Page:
THE DRAGON’S WAY for Better Emotional and Physical Health
Aug 03, 2015 03:12PM
● By Elaine Katen
A recent study from researchers at the Traditional Chinese Medicine (TCM) World Foundation found that a mind-body intervention called The Dragon’s Way may relieve several physical and emotional health issues. This technique, from the Wu Ming Qigong tradition, was shown to reduce stress-related psychological and physical symptoms.
The research data confirmed clinical observations of The Dragon’s Way’s effectiveness in lowering stress and increasing overall wellness for a diverse population, with a majority of subjects reporting significant relief from both physical and psychological symptoms, including anxiety and depression, over a two-year period.
A group of 102 subjects, including 88 women and 14 men, participated at different times in six-week sessions on The Dragon’s Way, taught by certified Wu Ming Qigong instructors. Data collected from these subjects before and after each session showed that 80 percent of participants experienced a reduction or complete disappearance of chronic physical and emotional symptoms associated with stress, including anxiety, fatigue, muscle tension, back pain, forgetfulness, nervousness, shortness of breath, insomnia, abdominal distention, depression and headache. In addition, 90 percent of subjects reported improved anxiety and depressive symptoms.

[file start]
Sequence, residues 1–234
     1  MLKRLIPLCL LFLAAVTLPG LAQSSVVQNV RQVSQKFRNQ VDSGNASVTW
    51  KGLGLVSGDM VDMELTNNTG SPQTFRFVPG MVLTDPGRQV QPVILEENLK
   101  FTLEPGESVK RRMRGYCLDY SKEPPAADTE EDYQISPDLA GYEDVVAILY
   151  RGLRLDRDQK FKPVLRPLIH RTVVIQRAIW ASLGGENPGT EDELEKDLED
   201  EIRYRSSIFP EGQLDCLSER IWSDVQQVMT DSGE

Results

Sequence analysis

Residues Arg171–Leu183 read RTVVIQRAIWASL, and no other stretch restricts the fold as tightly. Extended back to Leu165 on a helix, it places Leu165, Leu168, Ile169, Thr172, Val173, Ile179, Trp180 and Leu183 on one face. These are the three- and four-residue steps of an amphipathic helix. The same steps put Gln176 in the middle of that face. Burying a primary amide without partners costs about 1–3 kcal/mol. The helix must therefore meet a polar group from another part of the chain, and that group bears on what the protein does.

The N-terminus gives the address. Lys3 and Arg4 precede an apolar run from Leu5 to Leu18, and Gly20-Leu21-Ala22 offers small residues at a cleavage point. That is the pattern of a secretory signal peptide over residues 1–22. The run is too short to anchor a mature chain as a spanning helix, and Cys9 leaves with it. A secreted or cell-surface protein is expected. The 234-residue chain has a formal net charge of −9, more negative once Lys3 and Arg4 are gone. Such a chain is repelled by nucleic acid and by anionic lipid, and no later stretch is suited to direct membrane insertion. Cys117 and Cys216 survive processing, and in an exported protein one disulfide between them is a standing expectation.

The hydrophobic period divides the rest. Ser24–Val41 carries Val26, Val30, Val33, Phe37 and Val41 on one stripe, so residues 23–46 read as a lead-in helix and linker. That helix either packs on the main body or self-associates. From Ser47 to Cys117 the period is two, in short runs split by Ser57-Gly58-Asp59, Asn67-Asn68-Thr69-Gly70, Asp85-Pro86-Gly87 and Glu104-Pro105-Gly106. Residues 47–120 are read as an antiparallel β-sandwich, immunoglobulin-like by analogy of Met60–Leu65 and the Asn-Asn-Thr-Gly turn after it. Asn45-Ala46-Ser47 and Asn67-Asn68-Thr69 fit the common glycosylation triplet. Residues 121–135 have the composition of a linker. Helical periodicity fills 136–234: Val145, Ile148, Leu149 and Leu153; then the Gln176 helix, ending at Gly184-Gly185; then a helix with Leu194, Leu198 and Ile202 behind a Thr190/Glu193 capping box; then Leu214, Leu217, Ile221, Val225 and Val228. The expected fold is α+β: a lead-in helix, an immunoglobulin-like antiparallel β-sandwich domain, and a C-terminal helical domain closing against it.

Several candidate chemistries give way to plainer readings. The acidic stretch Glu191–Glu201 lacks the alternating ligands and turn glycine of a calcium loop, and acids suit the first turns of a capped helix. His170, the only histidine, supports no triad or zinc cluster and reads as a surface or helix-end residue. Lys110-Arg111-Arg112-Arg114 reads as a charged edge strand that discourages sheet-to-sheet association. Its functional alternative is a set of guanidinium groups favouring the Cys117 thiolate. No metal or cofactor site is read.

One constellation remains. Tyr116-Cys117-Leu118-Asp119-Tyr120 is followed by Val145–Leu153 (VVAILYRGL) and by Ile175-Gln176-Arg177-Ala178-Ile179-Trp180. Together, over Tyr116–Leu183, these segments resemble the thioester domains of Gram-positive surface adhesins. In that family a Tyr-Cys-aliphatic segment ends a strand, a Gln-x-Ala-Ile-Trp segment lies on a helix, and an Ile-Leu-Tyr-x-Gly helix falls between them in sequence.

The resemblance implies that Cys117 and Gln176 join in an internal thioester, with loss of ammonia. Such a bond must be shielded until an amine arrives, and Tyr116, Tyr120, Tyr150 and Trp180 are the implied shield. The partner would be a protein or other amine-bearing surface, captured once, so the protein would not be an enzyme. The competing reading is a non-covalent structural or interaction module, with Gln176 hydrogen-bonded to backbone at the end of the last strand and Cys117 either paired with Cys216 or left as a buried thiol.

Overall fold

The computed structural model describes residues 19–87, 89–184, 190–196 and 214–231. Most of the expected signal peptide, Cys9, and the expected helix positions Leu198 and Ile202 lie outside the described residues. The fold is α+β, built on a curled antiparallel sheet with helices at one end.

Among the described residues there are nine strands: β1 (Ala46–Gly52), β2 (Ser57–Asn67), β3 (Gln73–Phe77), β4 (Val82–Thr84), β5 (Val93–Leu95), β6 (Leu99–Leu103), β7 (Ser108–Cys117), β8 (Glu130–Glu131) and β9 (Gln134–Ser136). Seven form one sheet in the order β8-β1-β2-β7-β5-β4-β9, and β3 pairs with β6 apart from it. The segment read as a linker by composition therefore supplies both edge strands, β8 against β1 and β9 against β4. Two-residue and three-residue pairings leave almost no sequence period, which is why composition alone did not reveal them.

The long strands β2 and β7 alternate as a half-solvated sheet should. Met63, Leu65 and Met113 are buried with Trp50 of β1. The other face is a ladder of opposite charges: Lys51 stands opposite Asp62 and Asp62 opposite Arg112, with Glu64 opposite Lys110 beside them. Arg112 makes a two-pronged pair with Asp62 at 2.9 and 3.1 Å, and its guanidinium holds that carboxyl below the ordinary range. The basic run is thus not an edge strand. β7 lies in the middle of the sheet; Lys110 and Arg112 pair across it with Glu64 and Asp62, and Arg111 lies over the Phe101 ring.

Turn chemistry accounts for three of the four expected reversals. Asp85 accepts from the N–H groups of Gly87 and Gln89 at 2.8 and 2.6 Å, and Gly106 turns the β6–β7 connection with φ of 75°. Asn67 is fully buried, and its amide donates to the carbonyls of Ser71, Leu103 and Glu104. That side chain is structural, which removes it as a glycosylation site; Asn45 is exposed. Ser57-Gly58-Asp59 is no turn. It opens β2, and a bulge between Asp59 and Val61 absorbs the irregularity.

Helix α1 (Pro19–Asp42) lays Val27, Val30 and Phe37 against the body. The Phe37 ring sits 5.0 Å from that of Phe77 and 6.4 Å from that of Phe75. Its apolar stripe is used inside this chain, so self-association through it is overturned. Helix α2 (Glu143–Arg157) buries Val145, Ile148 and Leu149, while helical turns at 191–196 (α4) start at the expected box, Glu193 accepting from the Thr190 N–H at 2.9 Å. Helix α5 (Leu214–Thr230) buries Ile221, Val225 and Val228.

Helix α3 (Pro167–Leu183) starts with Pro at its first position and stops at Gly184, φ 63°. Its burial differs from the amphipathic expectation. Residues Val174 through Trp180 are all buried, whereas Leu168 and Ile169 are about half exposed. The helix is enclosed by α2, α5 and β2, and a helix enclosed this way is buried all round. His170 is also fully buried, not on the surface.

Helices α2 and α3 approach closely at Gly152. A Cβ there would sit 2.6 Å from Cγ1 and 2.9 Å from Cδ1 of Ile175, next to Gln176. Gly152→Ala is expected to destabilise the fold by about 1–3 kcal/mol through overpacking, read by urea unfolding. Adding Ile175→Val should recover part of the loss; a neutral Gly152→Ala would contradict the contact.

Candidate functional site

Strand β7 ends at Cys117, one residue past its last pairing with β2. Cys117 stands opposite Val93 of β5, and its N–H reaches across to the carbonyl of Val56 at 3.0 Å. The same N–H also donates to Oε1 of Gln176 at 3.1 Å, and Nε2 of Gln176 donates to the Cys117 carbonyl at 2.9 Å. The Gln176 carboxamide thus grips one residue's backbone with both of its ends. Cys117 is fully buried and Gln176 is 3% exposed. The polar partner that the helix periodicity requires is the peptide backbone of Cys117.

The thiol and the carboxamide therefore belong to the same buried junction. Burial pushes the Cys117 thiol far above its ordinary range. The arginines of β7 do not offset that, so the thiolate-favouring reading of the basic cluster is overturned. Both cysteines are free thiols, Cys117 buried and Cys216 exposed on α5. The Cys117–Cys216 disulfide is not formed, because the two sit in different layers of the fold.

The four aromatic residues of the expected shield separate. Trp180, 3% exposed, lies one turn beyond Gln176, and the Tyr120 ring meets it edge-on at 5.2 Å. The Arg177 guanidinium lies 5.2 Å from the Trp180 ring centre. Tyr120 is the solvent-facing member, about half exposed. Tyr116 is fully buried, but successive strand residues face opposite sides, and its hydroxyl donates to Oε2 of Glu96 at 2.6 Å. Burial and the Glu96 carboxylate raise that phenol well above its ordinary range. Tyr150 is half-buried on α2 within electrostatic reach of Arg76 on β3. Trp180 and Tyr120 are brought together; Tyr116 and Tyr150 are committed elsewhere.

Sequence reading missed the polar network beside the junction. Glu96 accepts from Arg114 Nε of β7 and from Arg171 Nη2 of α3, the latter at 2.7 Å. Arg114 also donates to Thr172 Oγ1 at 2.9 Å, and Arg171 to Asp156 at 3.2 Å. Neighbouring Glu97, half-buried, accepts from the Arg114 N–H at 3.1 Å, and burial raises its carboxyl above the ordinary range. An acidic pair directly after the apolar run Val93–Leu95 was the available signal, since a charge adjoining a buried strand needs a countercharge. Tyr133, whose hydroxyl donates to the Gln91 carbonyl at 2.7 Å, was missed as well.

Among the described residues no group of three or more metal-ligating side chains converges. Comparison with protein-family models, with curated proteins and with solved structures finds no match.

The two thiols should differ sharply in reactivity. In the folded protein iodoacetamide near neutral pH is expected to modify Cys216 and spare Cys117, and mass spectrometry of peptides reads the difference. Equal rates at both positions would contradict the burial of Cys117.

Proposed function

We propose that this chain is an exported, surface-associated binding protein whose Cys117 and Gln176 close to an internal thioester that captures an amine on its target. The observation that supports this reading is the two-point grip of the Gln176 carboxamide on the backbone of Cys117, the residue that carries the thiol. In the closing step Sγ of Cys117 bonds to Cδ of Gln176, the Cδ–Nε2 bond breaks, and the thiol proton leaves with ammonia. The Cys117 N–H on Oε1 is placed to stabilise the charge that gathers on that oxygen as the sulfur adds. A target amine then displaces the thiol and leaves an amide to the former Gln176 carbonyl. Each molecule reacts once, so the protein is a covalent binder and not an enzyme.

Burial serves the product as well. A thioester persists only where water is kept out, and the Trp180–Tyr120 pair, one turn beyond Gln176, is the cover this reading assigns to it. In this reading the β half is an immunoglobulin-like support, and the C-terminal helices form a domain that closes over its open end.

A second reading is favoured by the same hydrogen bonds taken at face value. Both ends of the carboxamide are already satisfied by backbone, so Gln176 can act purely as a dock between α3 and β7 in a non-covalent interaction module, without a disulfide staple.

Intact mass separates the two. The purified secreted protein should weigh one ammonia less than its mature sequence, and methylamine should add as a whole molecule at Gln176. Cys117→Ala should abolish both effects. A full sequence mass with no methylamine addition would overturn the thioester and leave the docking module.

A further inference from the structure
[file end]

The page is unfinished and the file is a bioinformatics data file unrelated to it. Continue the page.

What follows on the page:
Based on these findings, TCM World Foundation is planning a second study on the impact of the Dragon’s Way program using standard psychological instruments to measure emotional and physical changes in subjects. A third phase will measure biochemical changes affected by this unique holistic intervention. With more people becoming aware of the impact of stress on health and well-being, finding ways to reduce it is a crucial concern and The Dragon’s Way may hold one answer. Based on traditional Chinese medicine’s Five Element energetic framework, the program is structured around Wu Ming qigong movements, TCM-based dietary modifications and nutrition principles, and an educational component of practical lifestyle changes and unique stress release techniques drawn from Taoist healing practices.
With empirical evidence supporting the effectiveness of such comprehensive interventions, more people can turn to qigong to improve both mental and physical health.
Elaine Katen is program director at the Traditional Chinese Medicine World Foundation. For more information, call 212-274-1079 or visit TCMWorld.org.